Master garden program returns
There are many reasons folks decide to call Colorado home, but it’s the unique regional horticulture that tops the list for many gardeners. For gardeners who want to learn about native plants and how to differentiate them from noxious weeds, then the Native Plant Masters program is the answer. In cooperation with the Colorado Native Plant Society, Gore Range Chapter and Betty Ford Gardens, Colorado State University Extension Eagle County will hold three NPM programs this summer.
Each NPM program consists of three class days from 9 a.m. to 1 p.m. The June class will focus on montane plants at the Vail Nature Center; the July class will look at alpine plants at Pass Lake; and the August class will learn about trees and shrubs at No Name. The NPM class teaches plant identification, ecology, and how to use a dichotomous key and botanical field guide to identify wild plants, all this while spending time with others who share the love of Colorado’s native flora. Participants will also learn how to incorporate Colorado’s plants into their own landscape, adding beauty and sustainability to their gardens.
For those who wish to be a certified Native Plant Master, all three classes are required for certification, but students can also just take one or two of the classes recreationally. For more details or to register online, visit http://www.eaglecounty.us/CSU/Horticulture_and_Small_Acreage/Native_Plant_Master_Program/
Questions? Contact Jeff Pieper, CSU Extension Eagle County Horticulture and Small Acreage Agent, 970-328-8630. There is a required application process and registration is limited – sign up is separate for each section.
Annual Plant Sale
CSU Colorado Master Gardeners are also busy planning their second annual plant sale on May 21, May 28 and June 4 from 3 to 6 p.m. at the CSU Extension office, located at 441 Broadway in Eagle. The popular plant sale will offer veggie starts and informative workshop, including “Jam and Jelly Making” (May 21), “Building Your Own Stone Walkway” (May 28) and “How to Set Up Irrigation in your Veggie Garden” (June 4).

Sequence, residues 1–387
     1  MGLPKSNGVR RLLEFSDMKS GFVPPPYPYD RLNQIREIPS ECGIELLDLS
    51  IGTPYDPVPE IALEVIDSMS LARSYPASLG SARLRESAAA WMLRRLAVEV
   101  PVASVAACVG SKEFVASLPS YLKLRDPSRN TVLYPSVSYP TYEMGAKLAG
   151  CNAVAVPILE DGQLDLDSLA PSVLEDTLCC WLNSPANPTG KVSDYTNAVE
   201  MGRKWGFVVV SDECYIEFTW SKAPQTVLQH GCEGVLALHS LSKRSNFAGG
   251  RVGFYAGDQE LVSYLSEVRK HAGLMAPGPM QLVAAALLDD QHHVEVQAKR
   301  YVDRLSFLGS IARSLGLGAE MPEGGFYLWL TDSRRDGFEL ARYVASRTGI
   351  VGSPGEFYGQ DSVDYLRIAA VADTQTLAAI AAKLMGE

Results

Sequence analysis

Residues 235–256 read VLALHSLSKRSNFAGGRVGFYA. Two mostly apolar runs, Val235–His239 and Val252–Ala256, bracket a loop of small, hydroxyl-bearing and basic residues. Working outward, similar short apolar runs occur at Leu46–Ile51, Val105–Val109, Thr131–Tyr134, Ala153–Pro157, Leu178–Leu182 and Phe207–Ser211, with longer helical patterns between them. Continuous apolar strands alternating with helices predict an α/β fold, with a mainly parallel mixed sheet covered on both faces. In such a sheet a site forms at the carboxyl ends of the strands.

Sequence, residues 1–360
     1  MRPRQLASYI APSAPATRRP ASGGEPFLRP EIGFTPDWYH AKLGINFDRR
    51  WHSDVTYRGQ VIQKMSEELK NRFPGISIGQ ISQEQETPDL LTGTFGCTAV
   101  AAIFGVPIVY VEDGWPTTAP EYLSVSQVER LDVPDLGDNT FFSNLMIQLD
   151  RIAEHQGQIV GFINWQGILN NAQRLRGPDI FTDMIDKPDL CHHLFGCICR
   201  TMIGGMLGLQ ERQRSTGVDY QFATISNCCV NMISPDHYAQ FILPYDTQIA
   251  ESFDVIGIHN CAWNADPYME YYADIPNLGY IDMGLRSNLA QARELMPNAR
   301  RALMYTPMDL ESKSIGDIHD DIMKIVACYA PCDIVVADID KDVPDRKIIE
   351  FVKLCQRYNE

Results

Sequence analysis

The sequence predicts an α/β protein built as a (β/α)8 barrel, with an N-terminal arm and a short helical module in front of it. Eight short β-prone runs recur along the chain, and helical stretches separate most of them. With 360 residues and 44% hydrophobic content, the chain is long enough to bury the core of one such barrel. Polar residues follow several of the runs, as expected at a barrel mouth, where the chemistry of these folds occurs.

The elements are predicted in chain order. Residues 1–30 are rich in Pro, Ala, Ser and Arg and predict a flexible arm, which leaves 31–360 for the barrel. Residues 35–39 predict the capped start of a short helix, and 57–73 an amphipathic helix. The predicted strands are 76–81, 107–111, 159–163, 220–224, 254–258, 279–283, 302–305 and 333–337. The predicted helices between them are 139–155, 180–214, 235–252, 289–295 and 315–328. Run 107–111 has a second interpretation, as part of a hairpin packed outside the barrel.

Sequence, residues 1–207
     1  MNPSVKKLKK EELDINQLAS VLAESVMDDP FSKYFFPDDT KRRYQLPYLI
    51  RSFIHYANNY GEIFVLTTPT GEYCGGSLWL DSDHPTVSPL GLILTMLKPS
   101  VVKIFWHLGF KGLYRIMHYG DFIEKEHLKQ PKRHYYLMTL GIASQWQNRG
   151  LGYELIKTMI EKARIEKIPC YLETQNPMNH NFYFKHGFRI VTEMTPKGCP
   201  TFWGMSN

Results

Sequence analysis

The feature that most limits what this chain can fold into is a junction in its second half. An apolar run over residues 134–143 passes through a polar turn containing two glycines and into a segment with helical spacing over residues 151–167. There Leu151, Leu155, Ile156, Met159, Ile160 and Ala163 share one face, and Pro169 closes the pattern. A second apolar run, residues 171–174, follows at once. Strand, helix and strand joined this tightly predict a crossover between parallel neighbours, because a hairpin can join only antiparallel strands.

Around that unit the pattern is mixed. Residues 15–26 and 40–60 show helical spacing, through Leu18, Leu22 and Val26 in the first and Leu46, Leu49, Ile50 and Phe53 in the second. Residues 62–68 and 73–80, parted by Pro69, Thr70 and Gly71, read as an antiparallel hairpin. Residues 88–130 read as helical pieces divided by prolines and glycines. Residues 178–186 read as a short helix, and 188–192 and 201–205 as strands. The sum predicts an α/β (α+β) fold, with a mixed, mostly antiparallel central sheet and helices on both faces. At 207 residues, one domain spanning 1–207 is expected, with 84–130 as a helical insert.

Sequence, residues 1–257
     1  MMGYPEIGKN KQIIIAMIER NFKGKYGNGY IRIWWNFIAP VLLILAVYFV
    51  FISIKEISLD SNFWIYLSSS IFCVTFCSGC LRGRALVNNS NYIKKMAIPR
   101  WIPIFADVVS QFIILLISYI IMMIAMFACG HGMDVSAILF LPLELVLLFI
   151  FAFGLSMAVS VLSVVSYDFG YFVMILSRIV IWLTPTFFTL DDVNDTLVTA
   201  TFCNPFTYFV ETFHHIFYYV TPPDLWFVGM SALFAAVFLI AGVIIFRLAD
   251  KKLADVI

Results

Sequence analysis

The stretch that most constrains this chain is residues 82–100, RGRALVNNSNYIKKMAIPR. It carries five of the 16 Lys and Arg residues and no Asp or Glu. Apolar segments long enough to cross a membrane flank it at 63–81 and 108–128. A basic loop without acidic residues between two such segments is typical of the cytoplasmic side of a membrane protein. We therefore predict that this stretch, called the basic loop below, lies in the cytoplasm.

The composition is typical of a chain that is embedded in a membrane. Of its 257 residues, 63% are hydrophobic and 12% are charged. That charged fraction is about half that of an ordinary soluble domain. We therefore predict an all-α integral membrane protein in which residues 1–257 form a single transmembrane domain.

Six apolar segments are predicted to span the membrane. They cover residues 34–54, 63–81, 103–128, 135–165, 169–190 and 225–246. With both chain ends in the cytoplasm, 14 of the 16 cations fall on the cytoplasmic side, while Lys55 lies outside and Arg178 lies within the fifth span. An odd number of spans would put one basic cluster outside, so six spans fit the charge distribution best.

Have a gardening question? The Eagle County Colorado Master Garden volunteers are here to help and a great resource for gardening tips, advice or diagnostics. This is a free service available to anyone who has a gardening issue they can’t solve. Gardeners can call, email or visit the extension office to ask for help from a volunteer. Physical samples of the sick plants or trees are helpful in the diagnostic process, but emailed photos will also work. The CSU Extension website is also a great resource for gardeners looking for advice and recommendations for their garden.
For more information, please call 970-328-8630 or visit http://www.eagle county.us/CSU/.
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